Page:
The Differences Between EVA And ATA Cases

Posted on Posted in: Categories Custom Cases, Design, Manufacturing

Whether you’re traveling by car, train, bus, or plane, what you choose to pack your belongings in can determine whether or not they survive the journey, and how organized you are when you get there.

It is imperative when carrying delicate items that you package them safely and securely. In such instances, you will need a case that offers enough protection on the outside to protect the case’s contents, as well as a soft interior to pad the contents of your case.

Enter EVA and ATA cases, two of the most common types of travel cases in the world. Typically referred to as shell protective cases, these cases may seem similar. However, there are significant differences between the two that you’ll want to consider when making your choice in which to carry. Keep reading to learn more.

ATA Cases

The world’s oldest airline trade association is the Air Transportation Association, which dates back to 1936. The ATA has 18 original carrier members and has a tremendous influence on the policies and regulations that govern air transportation. 

ATA cases came into existence in the 1960s, when the ATA instituted a set of guidelines for travel cases that would ensure the contents would withstand high-impact airline travel. ATA regulations and guidelines have been the gold standard for airline travel for a long time. They remain the premier standard to this day.

When a traveler adhered to the standards of the ATA, their case was labeled ‘ATA certified.’ ATA-certified cases quickly filled the market. ATA cases are designed to be incredibly durable. There are many guidelines and regulations that constitute ATA’s standards, with the most pertinent ones being the ATA standard 300, Category 1 specifications

For a case to be branded ATA certified, it must meet the above specifications. One characteristic stands above the rest as it pertains to ATA standards; the case should survive 100 round trips without being compromised or damaged in any way. 

Another component of ATA standard 300 specifications is that the case walls must be made from ACX Grade cross multi-layered plywood measuring thickness between a quarter to half an inch. The case must have aluminum extrusion fittings. The extrusion fittings should be 6063 alloys with a rating of T-5 and a strength rating of 42 kips per square inch.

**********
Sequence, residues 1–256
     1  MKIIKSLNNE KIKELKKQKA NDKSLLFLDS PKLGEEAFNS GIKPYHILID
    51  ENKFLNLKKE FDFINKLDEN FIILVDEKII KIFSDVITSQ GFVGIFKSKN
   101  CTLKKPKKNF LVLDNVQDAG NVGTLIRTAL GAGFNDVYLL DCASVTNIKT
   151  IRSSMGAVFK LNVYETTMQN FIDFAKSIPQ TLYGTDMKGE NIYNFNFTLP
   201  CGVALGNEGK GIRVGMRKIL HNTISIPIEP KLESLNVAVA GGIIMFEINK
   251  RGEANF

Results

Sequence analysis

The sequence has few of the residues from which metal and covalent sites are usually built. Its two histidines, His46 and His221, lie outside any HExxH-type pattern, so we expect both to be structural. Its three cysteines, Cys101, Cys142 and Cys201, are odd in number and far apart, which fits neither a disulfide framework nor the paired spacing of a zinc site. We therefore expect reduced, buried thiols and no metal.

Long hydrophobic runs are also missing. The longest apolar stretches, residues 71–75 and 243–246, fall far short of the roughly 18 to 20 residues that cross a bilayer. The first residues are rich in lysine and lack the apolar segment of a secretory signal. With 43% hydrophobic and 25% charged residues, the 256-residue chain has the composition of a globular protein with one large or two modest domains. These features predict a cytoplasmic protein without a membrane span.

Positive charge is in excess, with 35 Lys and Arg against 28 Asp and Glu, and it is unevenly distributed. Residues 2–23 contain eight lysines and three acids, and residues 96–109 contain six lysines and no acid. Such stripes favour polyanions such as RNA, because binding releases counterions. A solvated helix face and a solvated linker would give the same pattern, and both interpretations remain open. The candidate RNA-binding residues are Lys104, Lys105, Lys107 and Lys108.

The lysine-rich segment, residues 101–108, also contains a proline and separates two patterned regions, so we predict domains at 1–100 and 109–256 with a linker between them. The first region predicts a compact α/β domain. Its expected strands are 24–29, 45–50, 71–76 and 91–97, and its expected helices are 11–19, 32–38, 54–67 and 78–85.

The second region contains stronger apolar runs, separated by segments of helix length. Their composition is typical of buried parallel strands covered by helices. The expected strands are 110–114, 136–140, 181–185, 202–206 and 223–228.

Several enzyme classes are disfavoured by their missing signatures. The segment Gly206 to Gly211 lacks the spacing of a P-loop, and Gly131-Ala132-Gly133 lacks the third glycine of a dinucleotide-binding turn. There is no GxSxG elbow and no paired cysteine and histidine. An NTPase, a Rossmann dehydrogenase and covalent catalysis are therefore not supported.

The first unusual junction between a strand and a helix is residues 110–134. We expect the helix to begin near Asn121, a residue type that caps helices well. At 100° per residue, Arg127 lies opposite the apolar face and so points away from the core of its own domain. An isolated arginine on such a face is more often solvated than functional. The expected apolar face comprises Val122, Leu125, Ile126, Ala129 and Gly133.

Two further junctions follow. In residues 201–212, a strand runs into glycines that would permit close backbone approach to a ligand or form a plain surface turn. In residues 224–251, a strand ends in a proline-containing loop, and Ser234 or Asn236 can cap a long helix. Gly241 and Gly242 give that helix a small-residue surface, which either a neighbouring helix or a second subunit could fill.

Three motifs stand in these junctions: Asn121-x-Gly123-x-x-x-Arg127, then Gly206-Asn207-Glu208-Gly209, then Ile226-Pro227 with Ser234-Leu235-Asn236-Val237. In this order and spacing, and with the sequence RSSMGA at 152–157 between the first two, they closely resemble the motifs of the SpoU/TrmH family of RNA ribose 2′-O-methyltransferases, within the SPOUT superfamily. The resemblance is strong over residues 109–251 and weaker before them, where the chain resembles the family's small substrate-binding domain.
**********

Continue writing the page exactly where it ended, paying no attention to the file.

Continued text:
A case that meets ATA standards should have steel knuckle or stacking ball corners. The corners should be attached permanently by six machine-driven steel rivets. The standards also require ATA cases to have steel piano-type hinging for cases with hinged lid designs. The hinges should have riveting to bond upper/lower case halves at every 3 inches across the whole case’s width.

Flight Tests

ATA cases require impressive tests to ascertain their endurance to ensure they are safe for flight. To meet ATA standards is quite tricky. ATA cases are put through rigorous testing before they can earn their certification.

An independent lab will conduct the above tests to measure its performance against ATA specifications. ATA cases are versatile, durable, and reliable, and can be customizable to meet your specific needs.

EVA Cases

EVA stands for Ethylene Vinyl Acetate (EVA), which is a type of foam. EVA cases are made from HQC aluminum and are a worthy substitute for hard and soft cases used for travel.

EVA foam is highly moldable, which means that you can customize it to various semi-rigid shapes. The foam can achieve any semi-rigid form you can think of, which is an excellent quality for storing specific items. For example, you can create an EVA case specifically for jewelry storage, or to carry a specific piece of tech to keep it from being damaged in transit. When a product fits perfectly in its case, it moves less during travel, resulting in less damage.

EVA cases are very light, which makes them highly portable. They have a variety of zipper closures, color options, shoulder straps, and carrying handles. EVA cases provide excellent protection from water, dirt, and light.

You can laminate any material color onto an EVA case, adhering it to the outside of the case. In addition to the ability to mold various shapes and designs onto the case, EVA cases are fantastic cases for branding and customization. You are essentially only limited by your imagination as to the possibilities you can create when customizing the look of your case.

The qualities of EVA cases give them numerous applications, including carrying sensitive instruments, consumer electronics, medical equipment, industrial equipment, sales kits, and more.

EVA and ATA Cases: Choosing the Right Case for the Job

As you can see, EVA and ATA cases are quite different. ATA cases are more secure and bulky, which makes them fantastic for carrying large, valuable items.  EVA cases, on the other hand, are excellent for carrying smaller, sensitive items. EVA cases can also be more easily customized, allowing you to create a case that best suits its purpose — and looks great while doing so!

While each type of case has its benefits, it’s important to carefully consider your needs and the items you’re aiming to protect when making your choice.

If you’re ready to start shopping for the right case for whatever you need to transport, check out our foam EVA cases today.

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